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Imam Hussein and the Little Black Fish: Literary Tropes and Political Allegories of the Iranian Revolution
Imam Hussein and the Little Black Fish: Literary Tropes and Political Allegories of the Iranian Revolution
WhenFriday, May 12, 2017, 7 – 8:30 p.m.
Campus locationKane Hall (KNE)
Campus roomRoom 225
Event typesAcademics, Conferences, Lectures/Seminars
Event sponsorsThe Department of Near Eastern Languages in conjunction with the Persian and Iranian Studies Program at the University of Washington and the Simpson Center for the Humanities.

This conference is made possible by a generous contribution from the Roshan Cultural Heritage Institute.
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Description

Keynote Address to "Writing the Iranian Revolution: Memory, Testimony, Time"

Conventional views narrate the Iranian Revolution as the result of the struggle organized by secularist and Islamist groups against the Shah. This binary understanding of the revolutionary forces has given rise to a dominant interpretation that the revolution was hijacked in its final months by the clergy and turned into an Islamic revolution. In this talk, Prof. Ghamari will discuss how such bifurcated narratives fail to capture the spirit that gave rise to the revolutionary movement, a spirit that had roots in cultural, literary, historical, and political singularities of the period.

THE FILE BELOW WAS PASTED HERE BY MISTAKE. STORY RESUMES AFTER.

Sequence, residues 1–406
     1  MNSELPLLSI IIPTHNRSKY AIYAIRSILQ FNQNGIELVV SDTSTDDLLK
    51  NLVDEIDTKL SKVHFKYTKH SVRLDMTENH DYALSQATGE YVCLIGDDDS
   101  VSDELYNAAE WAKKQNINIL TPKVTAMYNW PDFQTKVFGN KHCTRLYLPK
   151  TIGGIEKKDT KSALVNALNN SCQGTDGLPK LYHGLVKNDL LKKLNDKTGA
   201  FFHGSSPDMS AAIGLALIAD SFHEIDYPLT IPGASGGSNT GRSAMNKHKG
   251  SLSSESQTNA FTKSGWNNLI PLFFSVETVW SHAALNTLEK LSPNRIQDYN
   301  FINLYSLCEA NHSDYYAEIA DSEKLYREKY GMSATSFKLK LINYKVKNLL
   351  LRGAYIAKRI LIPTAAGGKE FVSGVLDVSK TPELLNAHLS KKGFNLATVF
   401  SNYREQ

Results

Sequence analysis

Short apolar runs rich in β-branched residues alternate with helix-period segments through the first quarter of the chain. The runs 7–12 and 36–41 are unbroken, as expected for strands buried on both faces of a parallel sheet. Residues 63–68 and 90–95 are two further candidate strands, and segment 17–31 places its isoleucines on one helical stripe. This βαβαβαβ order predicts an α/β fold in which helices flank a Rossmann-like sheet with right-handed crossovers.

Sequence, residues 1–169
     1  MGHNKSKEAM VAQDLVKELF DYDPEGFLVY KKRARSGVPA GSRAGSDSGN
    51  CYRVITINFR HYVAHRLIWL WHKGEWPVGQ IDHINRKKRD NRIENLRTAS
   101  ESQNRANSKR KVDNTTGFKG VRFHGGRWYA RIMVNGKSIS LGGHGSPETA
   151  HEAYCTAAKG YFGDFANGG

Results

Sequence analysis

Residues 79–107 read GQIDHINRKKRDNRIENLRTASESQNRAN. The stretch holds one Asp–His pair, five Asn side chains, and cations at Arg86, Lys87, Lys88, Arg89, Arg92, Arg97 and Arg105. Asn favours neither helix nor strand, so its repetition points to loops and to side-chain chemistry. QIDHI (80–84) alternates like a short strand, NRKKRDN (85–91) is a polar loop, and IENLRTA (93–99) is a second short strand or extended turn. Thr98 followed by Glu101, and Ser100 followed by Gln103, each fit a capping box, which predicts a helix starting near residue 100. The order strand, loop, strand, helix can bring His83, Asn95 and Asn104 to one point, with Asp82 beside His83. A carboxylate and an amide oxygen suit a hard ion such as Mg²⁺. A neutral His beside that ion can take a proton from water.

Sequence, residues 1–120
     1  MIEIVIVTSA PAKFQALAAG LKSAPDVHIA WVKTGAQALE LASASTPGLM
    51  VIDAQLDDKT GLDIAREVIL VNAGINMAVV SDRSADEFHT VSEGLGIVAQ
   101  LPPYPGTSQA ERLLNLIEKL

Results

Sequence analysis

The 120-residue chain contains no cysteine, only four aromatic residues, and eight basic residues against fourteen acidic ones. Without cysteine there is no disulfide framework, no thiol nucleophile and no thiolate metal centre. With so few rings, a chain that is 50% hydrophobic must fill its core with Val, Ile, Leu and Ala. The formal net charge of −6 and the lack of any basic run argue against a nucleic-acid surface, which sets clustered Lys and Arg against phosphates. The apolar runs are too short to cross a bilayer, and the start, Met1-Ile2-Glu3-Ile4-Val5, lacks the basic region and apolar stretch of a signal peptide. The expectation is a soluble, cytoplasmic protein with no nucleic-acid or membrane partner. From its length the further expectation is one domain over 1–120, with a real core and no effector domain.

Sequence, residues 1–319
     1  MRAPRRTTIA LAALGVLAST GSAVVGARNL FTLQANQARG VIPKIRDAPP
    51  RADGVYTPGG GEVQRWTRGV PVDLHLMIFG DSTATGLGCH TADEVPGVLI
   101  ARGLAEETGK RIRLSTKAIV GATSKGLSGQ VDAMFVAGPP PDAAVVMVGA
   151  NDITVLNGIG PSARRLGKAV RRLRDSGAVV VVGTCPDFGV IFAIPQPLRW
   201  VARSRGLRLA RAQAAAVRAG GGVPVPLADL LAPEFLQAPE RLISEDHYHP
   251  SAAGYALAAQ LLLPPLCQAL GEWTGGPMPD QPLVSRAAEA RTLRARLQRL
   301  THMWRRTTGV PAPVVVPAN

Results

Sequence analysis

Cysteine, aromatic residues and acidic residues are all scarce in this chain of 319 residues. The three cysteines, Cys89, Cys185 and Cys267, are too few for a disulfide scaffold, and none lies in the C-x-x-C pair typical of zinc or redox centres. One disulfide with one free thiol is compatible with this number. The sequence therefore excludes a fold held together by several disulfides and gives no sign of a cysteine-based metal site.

This event is FREE and OPEN to the PUBLIC.

Behrooz Ghamari-Tabrizi is Professor of History and Sociology at the University of Illinois, Urbana-Champaign. He is a Conrad Humanities Fellow and the author of Foucault in Iran: Islamic Revolution after the Enlightenment (Minneapolis & London: University of Minnesota Press, 2016), Remembering Akbar: Inside the Iranian Revolution (New York-London-San Francisco: OR / Counterpoint Press, 2016), and Islam and Dissent in Postrevolutionary Iran (New York-London: I.B. Tauris, 2008).

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